8. The method of claim 1, further comprising in response determining that the client computer does support the second HTTP authentication scheme, determining whether the second HTTP authentication scheme is the Nego2 HTTP authentication scheme.
9. A server computer comprising:
a processing unit; and
a computer-readable data storage medium, the a computer-readable data storage medium comprising instructions that when executed by the processing unit cause the server computer to:
receive a first request message from a client computer, the first request message requesting information stored on the server computer;
in response to receiving the first request message from the client computer, send a first response message to the client computer, the first response message including an HTTP header, the HTTP header including a first scheme identifier and a second scheme identifier, the first scheme identifier indicating a first HTTP authentication scheme and the second scheme identifier indicating a second HTTP authentication scheme;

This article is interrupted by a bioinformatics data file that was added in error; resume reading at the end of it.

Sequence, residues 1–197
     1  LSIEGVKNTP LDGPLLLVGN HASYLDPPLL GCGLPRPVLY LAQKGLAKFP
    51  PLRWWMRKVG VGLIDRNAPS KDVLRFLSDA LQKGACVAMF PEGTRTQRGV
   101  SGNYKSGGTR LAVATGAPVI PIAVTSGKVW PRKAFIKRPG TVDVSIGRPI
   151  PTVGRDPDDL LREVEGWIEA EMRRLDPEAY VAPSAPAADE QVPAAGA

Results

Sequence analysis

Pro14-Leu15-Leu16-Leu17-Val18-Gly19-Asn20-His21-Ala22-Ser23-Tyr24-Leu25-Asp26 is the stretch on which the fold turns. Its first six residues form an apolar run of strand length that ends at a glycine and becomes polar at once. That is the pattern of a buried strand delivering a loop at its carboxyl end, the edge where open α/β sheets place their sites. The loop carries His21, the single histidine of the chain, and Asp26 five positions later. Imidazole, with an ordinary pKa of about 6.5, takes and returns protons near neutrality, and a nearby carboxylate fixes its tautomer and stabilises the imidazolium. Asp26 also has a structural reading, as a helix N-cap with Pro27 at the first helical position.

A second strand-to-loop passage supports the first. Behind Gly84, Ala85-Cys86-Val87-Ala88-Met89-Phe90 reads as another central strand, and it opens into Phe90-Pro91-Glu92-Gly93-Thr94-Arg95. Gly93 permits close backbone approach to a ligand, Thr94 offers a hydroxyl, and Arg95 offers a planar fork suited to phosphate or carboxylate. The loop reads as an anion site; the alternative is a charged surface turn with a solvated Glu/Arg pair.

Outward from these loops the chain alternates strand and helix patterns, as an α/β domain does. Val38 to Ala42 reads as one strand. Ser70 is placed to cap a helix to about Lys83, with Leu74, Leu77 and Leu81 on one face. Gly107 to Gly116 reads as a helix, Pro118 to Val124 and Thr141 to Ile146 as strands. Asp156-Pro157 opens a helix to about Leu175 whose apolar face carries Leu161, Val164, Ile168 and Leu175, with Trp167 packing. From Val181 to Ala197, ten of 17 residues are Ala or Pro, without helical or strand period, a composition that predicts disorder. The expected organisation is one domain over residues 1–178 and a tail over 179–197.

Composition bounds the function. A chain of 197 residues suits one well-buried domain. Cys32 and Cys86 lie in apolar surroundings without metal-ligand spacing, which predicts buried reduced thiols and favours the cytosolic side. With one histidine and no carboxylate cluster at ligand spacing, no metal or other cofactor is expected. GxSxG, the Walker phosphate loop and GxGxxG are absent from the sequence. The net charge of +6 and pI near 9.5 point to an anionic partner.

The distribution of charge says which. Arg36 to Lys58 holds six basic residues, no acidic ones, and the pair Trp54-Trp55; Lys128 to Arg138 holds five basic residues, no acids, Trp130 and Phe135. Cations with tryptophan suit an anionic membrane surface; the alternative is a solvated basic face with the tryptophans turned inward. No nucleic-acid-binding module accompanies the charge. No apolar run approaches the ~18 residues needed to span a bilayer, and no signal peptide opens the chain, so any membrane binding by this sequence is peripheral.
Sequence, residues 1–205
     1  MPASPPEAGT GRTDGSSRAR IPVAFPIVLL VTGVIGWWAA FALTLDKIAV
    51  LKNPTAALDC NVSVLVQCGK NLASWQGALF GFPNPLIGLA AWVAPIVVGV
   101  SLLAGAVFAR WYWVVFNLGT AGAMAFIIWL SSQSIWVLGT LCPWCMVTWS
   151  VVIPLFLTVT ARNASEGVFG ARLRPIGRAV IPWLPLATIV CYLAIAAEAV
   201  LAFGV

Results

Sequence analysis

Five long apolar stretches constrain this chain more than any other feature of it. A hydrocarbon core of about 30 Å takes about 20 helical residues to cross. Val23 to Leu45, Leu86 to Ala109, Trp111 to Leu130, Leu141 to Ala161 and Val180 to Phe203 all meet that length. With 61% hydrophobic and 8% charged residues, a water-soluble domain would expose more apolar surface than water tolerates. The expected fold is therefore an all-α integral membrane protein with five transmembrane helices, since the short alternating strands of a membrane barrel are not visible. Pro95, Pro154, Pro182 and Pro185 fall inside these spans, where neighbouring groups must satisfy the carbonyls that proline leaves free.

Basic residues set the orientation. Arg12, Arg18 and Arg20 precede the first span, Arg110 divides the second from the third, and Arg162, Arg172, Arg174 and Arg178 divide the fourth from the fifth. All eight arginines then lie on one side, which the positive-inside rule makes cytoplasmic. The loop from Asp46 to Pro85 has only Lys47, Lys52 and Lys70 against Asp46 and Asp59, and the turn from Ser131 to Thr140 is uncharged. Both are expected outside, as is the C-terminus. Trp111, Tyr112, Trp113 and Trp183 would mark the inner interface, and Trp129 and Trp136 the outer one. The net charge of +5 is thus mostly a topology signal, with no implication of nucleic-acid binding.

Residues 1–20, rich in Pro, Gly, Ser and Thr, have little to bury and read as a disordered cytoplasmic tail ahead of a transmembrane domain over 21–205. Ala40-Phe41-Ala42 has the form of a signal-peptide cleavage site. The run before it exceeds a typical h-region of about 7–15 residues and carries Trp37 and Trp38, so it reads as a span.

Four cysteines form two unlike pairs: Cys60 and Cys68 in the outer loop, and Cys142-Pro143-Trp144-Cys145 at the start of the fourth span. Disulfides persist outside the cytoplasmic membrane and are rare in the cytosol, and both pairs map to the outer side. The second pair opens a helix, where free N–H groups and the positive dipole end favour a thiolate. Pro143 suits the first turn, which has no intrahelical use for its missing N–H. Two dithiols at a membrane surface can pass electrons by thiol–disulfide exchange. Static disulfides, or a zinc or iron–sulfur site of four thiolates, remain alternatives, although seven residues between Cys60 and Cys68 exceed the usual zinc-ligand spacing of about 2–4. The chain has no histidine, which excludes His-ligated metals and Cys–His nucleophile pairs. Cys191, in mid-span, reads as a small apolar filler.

receive a second request message from the client computer;
in response to receiving the second request message from the client computer, determine whether the second request message includes the second scheme identifier;
in response to determining the second request message includes the second scheme identifier, send a second response message to the client computer, the second response message including the second scheme identifier; and
in response to determining that the second request message does not include the second scheme identifier, send a second response message to the client computer, the second response message including the first scheme identifier, wherein the first scheme identifier indicates a Negotiate HTTP authentication scheme and the second scheme identifier indicates a Nego2 HTTP authentication scheme.
10. The server computer of claim 9, wherein the HTTP header further includes a data block immediately following the second scheme identifier in the first response message, the data block including authentication policy information.
11. The server computer of claim 10, wherein the data block identifies one or more authentication protocols that the server computer accepts.
12. The server computer of claim 9, wherein the second request message further includes a data block immediately following the second scheme identifier in the second request message.